success In New York , Boston" , Chicago , Phil
adelphia and * U the largo cities , and will
undoubtedly continue to prove one of the
best attractions as a nielo-drama for many
years to come. "A Uowery Girl , " with all Its
scenic and mechanical effects and the en
tire metropolitan company , headed by the
clever comedienne , Florrle West , will be
produced at Hoyd's theater on Sunday , Mon
day aud Tuesday evenings next.
VolormiH if tinI.nlo Willllt'iiit'in -
l i rt'il li.v tlif Ci'iH-rnl Citivvriititrnl.
WASHINGTON. Aug. 17. ( Speclnl.-
Penstons granted , Issue of July 31 , were :
Nebraska : Original Almeron Reed , Danbury -
bury , lied Willow : John Harton , Wllber ,
Saline ; Peter Keating , Fort Oinahu , Doug
las ; Samuel Darnell , Uralnerd , Uutlcr ; Tre-
mont AV. lllckel , Omiiha' , Douglas ; William
Beach , Omaha , Douglas. Increase William
II. Allen , Fort Omaha. Douglas ; ( Special
August 5) ) , William J. Dryilen , Urownvllle ,
Nemaha. Original widow : Kelssuo ( Spe
cial , August B ) , Li. Annette AVllson , Atkin
son , Holt.
Iowa : Restoration and ; Increase John II.
Cole , Marshalltown , Marshall. Increase
Archibald Plesson , Carllslf , Warren ; Abel
Savage , Clmrlton , Lucas , Reissue John W.
Cease , DCS Molnrs , Pllk.
Colorado : Original NelKhn Cantrll , Ellza-
beth , Elbert. Uelssue William C. Clark ,
Cripple Creek , El Paso. '
Issue of August 1 v Hreij
Nebraska : Original William Colling , In-
dlnnola , Red Willow : William Mntilll ,
Omaha , Douglas : Hurry Hrinkman , Alma ,
Uuffalo : Deles Kearns , Silver Crook , Jler-
rlck. Renewal Frederick Veto , Fairbiiry ,
Jefferson. Reissue Fayuttp.Klngslcy , He
bron , Thnyor. Otlglnar'v'ldows , etc. Nancy
S. Drake , Falls City , ' 'Richardson. ' Reissue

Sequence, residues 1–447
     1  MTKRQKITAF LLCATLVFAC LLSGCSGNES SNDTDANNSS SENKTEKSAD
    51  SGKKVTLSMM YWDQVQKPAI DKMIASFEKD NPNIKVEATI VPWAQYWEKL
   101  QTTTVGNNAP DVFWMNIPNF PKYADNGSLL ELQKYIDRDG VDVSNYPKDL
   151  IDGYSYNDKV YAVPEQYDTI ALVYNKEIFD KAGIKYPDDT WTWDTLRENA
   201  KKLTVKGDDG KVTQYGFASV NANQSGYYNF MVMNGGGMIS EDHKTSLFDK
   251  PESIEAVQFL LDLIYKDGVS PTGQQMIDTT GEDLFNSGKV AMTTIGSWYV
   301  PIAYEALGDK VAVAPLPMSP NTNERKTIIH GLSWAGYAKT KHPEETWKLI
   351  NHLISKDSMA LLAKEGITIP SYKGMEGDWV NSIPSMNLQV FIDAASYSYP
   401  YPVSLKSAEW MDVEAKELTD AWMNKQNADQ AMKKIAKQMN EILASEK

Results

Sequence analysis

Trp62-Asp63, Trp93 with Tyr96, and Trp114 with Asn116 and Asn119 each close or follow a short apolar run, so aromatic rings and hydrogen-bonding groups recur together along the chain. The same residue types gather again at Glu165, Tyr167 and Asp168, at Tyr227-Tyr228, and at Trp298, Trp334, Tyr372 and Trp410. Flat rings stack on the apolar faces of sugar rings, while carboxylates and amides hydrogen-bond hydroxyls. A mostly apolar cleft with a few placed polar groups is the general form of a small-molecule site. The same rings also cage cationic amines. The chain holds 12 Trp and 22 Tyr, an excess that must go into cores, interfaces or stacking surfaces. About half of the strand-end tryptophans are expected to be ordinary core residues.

Selah Abbott ( futhcM , Ohadron , Dawes.
lowsx : Original WlllJmn G. IJusler. Tip-
ton , Cedar. Incrcase-j'Yyilllani C. Qulgley ,
Florls , Davis. Original widows , etc. Nancy
A. Ycman ( mother ) , Al'cona , Kussuth ;
Sarah J. Pepper , Marshalltown , Marshall ;
Huldnh C. Harris , Des'JIoihes , Polk , llels-
mie Phyliuicy Robert * , Garwln , Tama.
South Dakota : Aclfiijlojual JLJeorge MH-
lard , Altnmprttpuuql. , , , , , . , . , , , .
Montana : Orfgliiatijc5cinlali ; Caum. Plo-
gan. Tcton. * ' " ' "
Coloraclor OrlglnalGeorge V. Avery.
Denver , ArnpaJioe , Original widow Caroline
line M. Crawford. Denver , Arapahoe.
North Dakota ; Increase William 11. Tay
lor , Niagara , Grand Forks.
Issue of August 3 were :
Nebraska Original : Wells I , . Hunter ,
Heatricc , Gigo ; James Hates , De Holt ,
Douglas. Increase : Jiunes F. Pierce , Have-
Iowa Original : Samuel Frost. DCS
Molnes. Polk. Increase : Charles M. Jen
nings , Newton , Jasper ; Elisim Moore. Lan
sing , Allamakee ; Hpps Patterson , liloom-
fleld , Davis. Rolssuo : Jerry Richardson ,
Williams , Hamilton. Original widow : Eliza
A. Holmes , Montrose , Lee.
Issue of Aust 3 were :
Colorado Original ! Edward Dugnn , Sa-
lldu , Chnffco ; Robert S. Morrison , S.agau-
che , Saguache ; Juan Hantlstu Martinez
Gulnare , Las Animus ; ( special August 7)
William A. Wnsson , Del Norte , Rio Grande.
South Dakota Original : Joseph Royle ,
Ipswich. Edmunds. Restoration and reIssue -
Issue : Charles C. McCreary ( deceased ) ,
Montrose , McCook. Increase : Charles J.
Weiss , Hot Sorlnes , Fall River ; Alfroil P.
Hull , Wcntworth , Lake. Original widows ,
etc. : Ida C. Wornhoff , Rapid City , IVnnlng-
ton ; Annie L. McCvcnry , Montrose , JIc-
'Wyoming Original : Arnold L. Dlssell ,
Rook Springs. Swectwnter.
Montana John Jacob Graff , Shelly , Te-
Xt'i'tiir from ilip SlyKhlli "I'uiieli" lOv-
triicli'il liy Hnriier'H Ilir/.ar ,
Columbus had just returned from a little
haunting tour of Italy.
"Havo a good time ? " asked Johnson.
"Yes ; I was very much Interested In visit
ing the house In which I was born at
"Really ? " And has U changed much ? "
asked Johnson ,
"I don't know , " said Columbus. "I never
was In It before. "
"It doesn't pay to go back on your fixed
habits , " observed Socrates. "Look at old
Diogenes , for Instance. Never went any
where without his lantern , and now he's
been arrested , "
"What for ? " queried Caesar.